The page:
In 2005, the great comedian George Carlin remarked that the new American pastime is consumption. In describing the people that spend “money they don’t have on things they don’t need,” he calls them “efficient professional compulsive consumers.” This reality should come as no surprise to anyone, and is especially apparent around this time of year, where nearly every television commercial tries to convince you that it is our “civic duty” as Carlin puts it, to buy, buy, buy today and not worry about how we’re going to pay for it tomorrow. This hasn’t changed. But a lot else has changed since 2005-the Great Recession and the resulting “recovery” has made it impossible for many to justify a credit card purchase of anything frivolous, either at a brick and mortar shop or online. Instead, a new form of consumerism has taken its place in the hearts and minds of most Americans. As computers (smartphones, in particular) have become cheaper and more common, Americans are spending more and more time consuming content, rather than spending money on goods.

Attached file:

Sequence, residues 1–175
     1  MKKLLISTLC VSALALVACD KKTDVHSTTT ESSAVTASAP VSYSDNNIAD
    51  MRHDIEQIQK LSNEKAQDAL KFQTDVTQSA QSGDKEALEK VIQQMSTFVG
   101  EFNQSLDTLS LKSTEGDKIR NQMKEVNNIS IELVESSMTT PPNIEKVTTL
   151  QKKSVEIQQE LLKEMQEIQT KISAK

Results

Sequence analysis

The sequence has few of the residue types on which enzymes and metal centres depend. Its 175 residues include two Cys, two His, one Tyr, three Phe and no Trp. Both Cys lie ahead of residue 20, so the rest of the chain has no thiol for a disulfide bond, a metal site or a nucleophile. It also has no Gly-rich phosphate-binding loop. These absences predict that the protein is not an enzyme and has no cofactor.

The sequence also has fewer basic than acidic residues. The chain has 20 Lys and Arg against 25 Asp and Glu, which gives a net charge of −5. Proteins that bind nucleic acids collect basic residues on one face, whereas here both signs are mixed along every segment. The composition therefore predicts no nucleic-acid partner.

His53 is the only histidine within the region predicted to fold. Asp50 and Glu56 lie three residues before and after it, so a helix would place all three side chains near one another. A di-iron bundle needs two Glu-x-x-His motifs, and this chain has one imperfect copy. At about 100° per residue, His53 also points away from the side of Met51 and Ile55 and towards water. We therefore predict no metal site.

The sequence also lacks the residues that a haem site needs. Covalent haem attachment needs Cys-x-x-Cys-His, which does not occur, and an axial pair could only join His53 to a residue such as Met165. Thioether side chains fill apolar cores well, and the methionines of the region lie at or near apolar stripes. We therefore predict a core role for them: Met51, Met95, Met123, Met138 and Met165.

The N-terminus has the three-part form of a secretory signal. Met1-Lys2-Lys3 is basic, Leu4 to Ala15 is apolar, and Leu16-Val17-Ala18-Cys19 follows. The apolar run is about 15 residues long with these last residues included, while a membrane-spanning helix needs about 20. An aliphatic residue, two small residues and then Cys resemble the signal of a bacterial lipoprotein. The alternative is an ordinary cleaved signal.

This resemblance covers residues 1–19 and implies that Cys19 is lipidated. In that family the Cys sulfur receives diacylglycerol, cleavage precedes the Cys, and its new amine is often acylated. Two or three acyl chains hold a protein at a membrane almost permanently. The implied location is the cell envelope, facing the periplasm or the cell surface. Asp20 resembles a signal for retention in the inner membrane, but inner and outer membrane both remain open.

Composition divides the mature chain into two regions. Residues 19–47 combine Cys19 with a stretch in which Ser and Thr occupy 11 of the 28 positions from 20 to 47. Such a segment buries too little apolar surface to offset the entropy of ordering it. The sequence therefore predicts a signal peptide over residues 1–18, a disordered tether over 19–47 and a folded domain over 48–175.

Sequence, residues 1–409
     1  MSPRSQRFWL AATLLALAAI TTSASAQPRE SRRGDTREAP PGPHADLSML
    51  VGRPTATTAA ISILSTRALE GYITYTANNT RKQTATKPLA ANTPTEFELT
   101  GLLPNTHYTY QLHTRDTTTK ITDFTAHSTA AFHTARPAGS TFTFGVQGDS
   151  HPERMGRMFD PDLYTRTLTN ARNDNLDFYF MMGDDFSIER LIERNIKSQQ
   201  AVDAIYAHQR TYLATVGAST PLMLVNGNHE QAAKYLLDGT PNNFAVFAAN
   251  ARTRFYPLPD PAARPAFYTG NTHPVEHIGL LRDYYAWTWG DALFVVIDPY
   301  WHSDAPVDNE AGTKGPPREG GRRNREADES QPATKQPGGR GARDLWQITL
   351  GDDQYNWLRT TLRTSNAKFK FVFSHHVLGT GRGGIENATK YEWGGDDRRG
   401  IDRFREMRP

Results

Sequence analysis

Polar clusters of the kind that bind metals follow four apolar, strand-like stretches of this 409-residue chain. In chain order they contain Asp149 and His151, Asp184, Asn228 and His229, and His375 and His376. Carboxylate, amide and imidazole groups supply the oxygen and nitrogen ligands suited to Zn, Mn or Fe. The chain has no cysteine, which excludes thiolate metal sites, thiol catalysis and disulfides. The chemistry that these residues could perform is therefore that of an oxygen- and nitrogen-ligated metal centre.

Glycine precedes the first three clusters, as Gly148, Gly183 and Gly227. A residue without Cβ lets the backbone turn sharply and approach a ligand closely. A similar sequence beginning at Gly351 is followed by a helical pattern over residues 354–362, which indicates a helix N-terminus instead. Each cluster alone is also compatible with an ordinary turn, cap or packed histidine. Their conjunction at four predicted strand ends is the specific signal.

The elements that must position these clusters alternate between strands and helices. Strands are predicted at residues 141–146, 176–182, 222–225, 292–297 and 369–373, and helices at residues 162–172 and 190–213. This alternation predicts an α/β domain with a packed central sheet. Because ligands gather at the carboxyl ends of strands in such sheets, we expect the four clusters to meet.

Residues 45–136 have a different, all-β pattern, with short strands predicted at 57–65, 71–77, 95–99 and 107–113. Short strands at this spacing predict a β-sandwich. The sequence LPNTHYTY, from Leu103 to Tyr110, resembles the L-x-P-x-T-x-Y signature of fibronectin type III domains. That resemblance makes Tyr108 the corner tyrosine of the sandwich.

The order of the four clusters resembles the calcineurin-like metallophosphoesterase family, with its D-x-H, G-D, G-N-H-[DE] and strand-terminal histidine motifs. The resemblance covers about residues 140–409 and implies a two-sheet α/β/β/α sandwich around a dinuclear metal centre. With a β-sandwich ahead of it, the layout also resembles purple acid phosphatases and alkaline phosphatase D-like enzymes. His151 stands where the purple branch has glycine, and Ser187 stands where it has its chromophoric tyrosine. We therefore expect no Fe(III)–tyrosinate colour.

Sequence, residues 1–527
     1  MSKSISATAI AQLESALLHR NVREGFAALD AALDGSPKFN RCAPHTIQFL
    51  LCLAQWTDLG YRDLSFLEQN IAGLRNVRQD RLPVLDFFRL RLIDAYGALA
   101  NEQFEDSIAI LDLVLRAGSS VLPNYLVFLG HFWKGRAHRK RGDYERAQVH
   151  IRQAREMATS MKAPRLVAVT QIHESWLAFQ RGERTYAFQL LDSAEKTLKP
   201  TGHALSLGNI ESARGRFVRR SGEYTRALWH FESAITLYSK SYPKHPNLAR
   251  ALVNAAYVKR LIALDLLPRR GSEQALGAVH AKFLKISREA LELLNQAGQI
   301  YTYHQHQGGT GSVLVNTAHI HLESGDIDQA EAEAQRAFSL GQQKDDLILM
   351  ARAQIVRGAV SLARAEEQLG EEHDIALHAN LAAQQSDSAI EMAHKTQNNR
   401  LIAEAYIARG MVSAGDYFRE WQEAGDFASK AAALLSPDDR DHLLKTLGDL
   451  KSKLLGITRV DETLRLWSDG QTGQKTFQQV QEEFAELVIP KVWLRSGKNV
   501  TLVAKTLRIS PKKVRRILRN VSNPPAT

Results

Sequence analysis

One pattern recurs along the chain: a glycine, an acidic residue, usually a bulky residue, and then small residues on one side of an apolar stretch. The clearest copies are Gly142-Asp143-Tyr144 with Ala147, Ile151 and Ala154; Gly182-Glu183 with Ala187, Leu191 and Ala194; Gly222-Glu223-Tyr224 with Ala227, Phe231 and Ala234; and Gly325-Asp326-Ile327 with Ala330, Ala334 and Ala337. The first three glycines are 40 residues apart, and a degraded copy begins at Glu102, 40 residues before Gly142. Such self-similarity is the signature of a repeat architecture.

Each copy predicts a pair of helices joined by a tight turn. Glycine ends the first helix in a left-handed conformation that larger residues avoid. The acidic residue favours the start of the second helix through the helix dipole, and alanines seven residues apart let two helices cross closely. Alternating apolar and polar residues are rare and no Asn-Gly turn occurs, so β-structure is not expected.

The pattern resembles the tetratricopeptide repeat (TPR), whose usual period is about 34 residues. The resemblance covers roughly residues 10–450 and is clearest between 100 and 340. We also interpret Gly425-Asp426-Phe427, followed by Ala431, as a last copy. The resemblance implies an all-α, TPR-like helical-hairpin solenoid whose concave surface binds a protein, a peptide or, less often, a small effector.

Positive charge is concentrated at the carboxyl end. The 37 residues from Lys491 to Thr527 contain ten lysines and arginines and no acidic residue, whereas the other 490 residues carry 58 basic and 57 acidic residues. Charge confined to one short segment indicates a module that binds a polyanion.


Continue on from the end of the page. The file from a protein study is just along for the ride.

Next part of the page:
By content, I’m referring to audiovisual media that can be provided without charge via the Internet-such as this blog, for example. On the one hand, it could be argued that this shift is better for consumers. Americans can save their increasingly dwindling funds while still enjoying high-quality entertainment-and corporations benefit from skyrocketing ad revenue from websites like YouTube. Many entrepreneurs have made their living from YouTube, by providing the kind of content on their channels that would never have a chance to be broadcast on TV. These content creators earn their income from ad revenue–the same kind that benefits corporations–or at least, they used to. Many lost their income this year, when YouTube adopted “advertiser-friendly” policies that prevent creators such as independent political analysts and commentators from earning any significant amount of money.